Black soldier fly larvae are like candy for your backyard chickens are concerned. In other words, hens LOOOOOVVEEEE them.
Many times, we’ve gone out to our coop to give the flock a surprise, and within mere moments, they’ve snatched all the black soldier fly larvae out of our hands!
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The nutritional content of these insects means you can make them an essential part of your chicken’s diet – and they might even help your flock grow better and lay better eggs!
Black soldier fly larvae are full of protein, fat, and essential vitamins and minerals. As you know, protein is essential to raising healthy hens, and for feather growth – especially since feathers are mostly protein.
(So if your chickens are losing their feathers, one thing to look at is the diet).
A diet high in protein is also essential for excellent egg laying – so if your flock’s diet is low in protein, then they might lay abnormal eggs or possibly something else (like a lash egg). It helps that hens really, really love these insects – mine go nuts for them, and I’m sure yours will also!
In this article, I’m going to show you why black soldier fly larvae are a great snack for your chickens and how you can get started raising them yourself!
What are Black Soldier Fly Larvae (BSFL)?
The black soldier fly (Hermetia illucens) is a member of the Stratiomyidae family, and just about anyone in the United States can raise them for their flock.
For most people insects are considered pests, but the black soldier fly larvae shouldn’t be! In nature, they play an active role in the ecosystem by converting wastes (such as discarded food) into valuable resources.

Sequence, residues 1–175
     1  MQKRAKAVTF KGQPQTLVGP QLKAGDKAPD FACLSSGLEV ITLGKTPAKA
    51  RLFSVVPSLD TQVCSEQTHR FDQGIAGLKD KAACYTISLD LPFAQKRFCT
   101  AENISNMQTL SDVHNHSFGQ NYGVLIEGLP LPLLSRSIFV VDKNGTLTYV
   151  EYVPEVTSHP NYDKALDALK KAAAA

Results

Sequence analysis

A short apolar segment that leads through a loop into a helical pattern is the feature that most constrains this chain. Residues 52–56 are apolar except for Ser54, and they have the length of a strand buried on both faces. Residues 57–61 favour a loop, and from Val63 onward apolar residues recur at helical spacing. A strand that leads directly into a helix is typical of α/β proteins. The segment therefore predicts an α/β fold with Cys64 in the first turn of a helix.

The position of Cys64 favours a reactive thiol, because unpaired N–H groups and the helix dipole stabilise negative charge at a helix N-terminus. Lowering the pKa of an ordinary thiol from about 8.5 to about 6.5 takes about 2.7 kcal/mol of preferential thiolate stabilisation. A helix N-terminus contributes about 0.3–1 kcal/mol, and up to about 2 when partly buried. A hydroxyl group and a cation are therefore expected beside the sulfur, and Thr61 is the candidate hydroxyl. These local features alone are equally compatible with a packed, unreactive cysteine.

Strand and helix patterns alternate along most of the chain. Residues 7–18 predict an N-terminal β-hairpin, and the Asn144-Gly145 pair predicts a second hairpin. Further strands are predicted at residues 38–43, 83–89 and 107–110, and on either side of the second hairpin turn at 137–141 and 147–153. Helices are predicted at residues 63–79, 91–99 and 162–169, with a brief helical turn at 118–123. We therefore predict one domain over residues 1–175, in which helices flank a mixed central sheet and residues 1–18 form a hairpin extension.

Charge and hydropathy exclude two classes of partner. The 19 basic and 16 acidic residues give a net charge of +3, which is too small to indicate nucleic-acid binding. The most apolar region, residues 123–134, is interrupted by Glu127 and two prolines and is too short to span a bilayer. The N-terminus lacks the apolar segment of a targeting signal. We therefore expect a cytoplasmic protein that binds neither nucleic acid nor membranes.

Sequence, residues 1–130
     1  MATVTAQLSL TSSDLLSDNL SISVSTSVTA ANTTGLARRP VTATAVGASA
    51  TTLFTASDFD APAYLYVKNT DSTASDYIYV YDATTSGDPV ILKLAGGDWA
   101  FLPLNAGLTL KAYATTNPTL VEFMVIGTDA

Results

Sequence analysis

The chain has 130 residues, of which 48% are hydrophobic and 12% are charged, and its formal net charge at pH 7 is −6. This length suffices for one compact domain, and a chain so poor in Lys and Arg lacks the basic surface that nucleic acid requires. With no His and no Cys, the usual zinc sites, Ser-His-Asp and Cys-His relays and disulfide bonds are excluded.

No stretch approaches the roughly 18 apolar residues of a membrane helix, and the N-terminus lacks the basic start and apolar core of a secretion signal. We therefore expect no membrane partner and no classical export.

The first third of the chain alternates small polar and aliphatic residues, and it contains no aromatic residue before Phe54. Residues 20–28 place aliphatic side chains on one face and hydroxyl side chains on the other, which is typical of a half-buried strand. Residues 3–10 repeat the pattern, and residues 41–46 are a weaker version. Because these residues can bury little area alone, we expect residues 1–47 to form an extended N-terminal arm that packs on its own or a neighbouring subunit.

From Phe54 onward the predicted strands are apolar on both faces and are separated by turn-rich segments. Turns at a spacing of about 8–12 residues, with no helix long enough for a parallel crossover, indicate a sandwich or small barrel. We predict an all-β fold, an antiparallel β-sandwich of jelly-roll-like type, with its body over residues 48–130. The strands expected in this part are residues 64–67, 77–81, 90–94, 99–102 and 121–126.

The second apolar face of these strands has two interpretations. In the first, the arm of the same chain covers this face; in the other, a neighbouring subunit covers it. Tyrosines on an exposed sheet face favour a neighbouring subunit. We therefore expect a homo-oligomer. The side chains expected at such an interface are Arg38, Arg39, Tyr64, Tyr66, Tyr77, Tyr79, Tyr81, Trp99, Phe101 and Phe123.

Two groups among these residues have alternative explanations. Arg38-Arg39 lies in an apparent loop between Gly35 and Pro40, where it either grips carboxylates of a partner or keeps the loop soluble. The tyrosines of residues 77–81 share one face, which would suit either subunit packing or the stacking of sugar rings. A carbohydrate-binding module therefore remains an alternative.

Other advantages of Black Soldier Fly Larvae are:
- They’re dry to touch (not slimy) and they don’t smell
- They don’t have any body parts that can sting humans
- They are safe and are not carriers of diseases
Black Soldier Fly Larvae & Adult Life Cycle
This insect has a 45-day life cycle that is divided into 4 stages:
Adult Stage – An adult Black Soldier Fly has a lifespan of about 5 to 9 days where they lay between 600-800 eggs. The adults deposit their eggs near the decaying matter.
Egg Stage – The eggs can be found around compost. They hatch out into larvae within about 4 days.
Larvae Stage – The BSF Larvae grows in the compost for 14 days where they eat, excrete, and convert waste.
Pupa Stage – From larvae, the BSF enters the pre-pupal stage for a week where they finally enter into the pupa stage where their nutritional content is at its peak.
Why are black soldier fly larvae a great snack for chickens?
Several studies have shown that black soldier fly larvae are packed with protein and essential minerals like calcium – making them the perfect way to ensure your flock is getting a high quality snack AND some extra calcium for strong egg shells.
In one study, black soldier fly larvae were fed to 200 laying hens. Researchers found that the hens that ate the insects were healthier and laid better.
And according to The University of Massachusetts, black soldier fly larvae contain:
- 42.1% crude protein
- 34.8% fat
- 7.0% crude fiber
- 5.0% calcium
All of which are perfect for raising healthy hens!
Raising Black Soldier Fly Larvae
Raising these insects yourself is fairly easy (no harm no foul if it’s not for you though! We carry them in the store for just that reason!)
Temperature and Humidity